Over the course of many tedious evenings I pieced together the whole case from styrene. Hours and hours listening to podcasts while juggling a pencil, razor knife, glue, micrometer and a variety of rulers and triangles. A little drafting experience goes a long way here, as it sucks to carefully cut a piece just to discover it doesn’t fit. I started by making some educated guesses about how much space I would need to hold all of the hardware, then I made a big shallow open topped box that was taller in the back to angle the keyboard toward the user a bit.  I beveled one corner for a little style. Next I made a lid for the box. This was just a big sheet of styrene cut to the same shape with a rim of L rails and long skinny pieces that would just fit inside the box. I made the back edge of the lid a half inch longer than the case to cover the protruding VGA port.

Once I had the outer shell built and all of the cables run I had to make everything secure. This was a very organic process. Everything up to this point had been carefully planned ahead of time, but I just couldn’t figure out this step until I could see all of the parts laid out in the case. I tried a few different things so it’s a bit of a hodge podge. The laptop was held in place with a mix of hand cut plastic brackets and self-stick insulation foam, the kind you’d use to weather seal a window. I stuck down the cables with a bit of gaff tape to keep them from moving around. I used some styrene rails to hold the USB hub and SD card reader in place, along with more tape. I knew I would need to completely immobilize that VGA adapter or it would fall out the first time I picked the deck up, so I build a little platform to hold it up out of scrap styrene and put square tube rails all around it.

At this point things were sort of secure, but the laptop was going to need more support, and the whole case was going to need to be more sturdy. I grabbed a big pile of scrap styrene and just started cutting and gluing pieces into it anywhere that I could fit them, dividing up the interior into smaller boxes to give it more rigidity and hem in the parts. Having done all that I had to go back and finish the lid I made earlier. I had to cut several notches out of the edging so it would fit around the internal bracing.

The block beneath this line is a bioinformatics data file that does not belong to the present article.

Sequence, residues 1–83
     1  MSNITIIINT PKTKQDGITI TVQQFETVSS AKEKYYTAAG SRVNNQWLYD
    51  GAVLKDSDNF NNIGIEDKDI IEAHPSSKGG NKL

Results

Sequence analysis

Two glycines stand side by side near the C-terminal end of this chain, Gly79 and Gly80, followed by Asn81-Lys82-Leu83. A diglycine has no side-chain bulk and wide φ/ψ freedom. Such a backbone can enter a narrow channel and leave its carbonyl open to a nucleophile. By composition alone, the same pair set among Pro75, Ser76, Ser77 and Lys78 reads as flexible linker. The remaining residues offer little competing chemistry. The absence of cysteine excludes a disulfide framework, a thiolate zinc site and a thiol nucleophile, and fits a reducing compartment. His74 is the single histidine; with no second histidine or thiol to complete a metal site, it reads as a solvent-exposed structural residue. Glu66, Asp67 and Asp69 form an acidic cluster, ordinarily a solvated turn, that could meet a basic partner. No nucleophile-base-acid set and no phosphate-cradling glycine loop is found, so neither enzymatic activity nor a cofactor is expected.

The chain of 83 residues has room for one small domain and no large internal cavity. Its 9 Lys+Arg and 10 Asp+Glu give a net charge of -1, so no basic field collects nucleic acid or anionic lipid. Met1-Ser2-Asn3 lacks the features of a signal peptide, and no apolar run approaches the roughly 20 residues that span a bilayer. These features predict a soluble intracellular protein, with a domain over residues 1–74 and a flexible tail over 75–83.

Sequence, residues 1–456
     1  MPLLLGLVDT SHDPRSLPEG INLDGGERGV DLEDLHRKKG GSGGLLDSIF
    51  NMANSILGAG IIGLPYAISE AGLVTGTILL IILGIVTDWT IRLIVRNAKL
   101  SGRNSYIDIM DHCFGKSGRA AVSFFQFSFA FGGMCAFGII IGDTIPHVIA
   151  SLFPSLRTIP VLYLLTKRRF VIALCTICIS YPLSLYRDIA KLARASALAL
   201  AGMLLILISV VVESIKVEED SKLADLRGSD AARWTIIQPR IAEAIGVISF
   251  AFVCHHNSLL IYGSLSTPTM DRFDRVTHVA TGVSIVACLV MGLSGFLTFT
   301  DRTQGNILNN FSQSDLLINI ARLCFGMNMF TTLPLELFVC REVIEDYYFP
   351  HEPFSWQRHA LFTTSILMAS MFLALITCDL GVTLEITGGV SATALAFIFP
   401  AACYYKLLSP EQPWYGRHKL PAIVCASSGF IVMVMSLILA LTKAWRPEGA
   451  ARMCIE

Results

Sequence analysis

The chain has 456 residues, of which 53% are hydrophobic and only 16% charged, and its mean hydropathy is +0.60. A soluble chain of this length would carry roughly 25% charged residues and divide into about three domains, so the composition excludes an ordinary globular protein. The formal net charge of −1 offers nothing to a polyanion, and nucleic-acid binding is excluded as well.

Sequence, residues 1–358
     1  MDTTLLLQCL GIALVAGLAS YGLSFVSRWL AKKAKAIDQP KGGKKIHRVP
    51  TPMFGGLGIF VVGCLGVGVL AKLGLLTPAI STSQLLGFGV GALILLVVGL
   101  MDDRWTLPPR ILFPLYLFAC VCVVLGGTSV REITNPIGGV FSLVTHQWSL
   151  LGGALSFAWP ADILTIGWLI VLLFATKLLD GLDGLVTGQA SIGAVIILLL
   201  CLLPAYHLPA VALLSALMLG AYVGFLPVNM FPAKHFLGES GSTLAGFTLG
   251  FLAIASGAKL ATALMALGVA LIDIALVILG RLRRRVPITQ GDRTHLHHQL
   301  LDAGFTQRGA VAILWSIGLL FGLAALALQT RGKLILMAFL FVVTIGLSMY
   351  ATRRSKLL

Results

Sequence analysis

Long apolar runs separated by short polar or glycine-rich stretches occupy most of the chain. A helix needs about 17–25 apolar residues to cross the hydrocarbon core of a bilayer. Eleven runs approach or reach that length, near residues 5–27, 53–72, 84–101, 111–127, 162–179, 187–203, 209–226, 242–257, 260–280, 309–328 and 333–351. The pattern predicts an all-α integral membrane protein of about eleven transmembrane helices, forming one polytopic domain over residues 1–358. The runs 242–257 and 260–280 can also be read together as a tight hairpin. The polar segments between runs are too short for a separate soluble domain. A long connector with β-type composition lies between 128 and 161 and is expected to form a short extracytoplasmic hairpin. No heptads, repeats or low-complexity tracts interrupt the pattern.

I also needed to cut a hole in it to expose the keyboard. This was a little tricky. I ended up cutting a piece of cardstock to the exact shape I wanted, then I used a piece of double sided tap to stick it to the keyboard exactly covering what I wanted exposed. Next I put several more pieces of double sided tape on top of the template and carefully closed the lid on it. When I removed the lid I now had the card stock template stuck to it exactly where I needed to cut the hole. After cutting the hole and the other modifications the lid didn’t fit quite as well as it used to, but close enough.

At this point I have a box full of hardware with a lid that fits on with friction. It would work as a desktop machine but it has a ways to go. The next step was to add the handle. I bought a replacement mountain bike grip from a bicycle shop and a drawer handle from Ikea. The drawer handle was a type that used a pair of standoffs that the mounting screws passed through to the handle itself which was a rod. I got this kind so that I could slip the bike grip over the rod and then screw the standoffs in place. I stuck a little foam inside the grip to make it fit snuggly over the handle and then screwed the whole assembly to the side of the case. I was worried about the screws tearing out of the styrene walls so I cut down a small piece of wood and whittled it to match the dimensions of the space and put the mounting screws through that. The wood is hidden inside the case and it distributes the weight to one whole side of it rather than just on the screw holes. To hold the lid in place and cover the ends of the handle I built a set of boxes that fit over the corners. These where for both structure and style. The plan was to put bolts through them to hold everything together, but this was a little harder to sort out than I expected.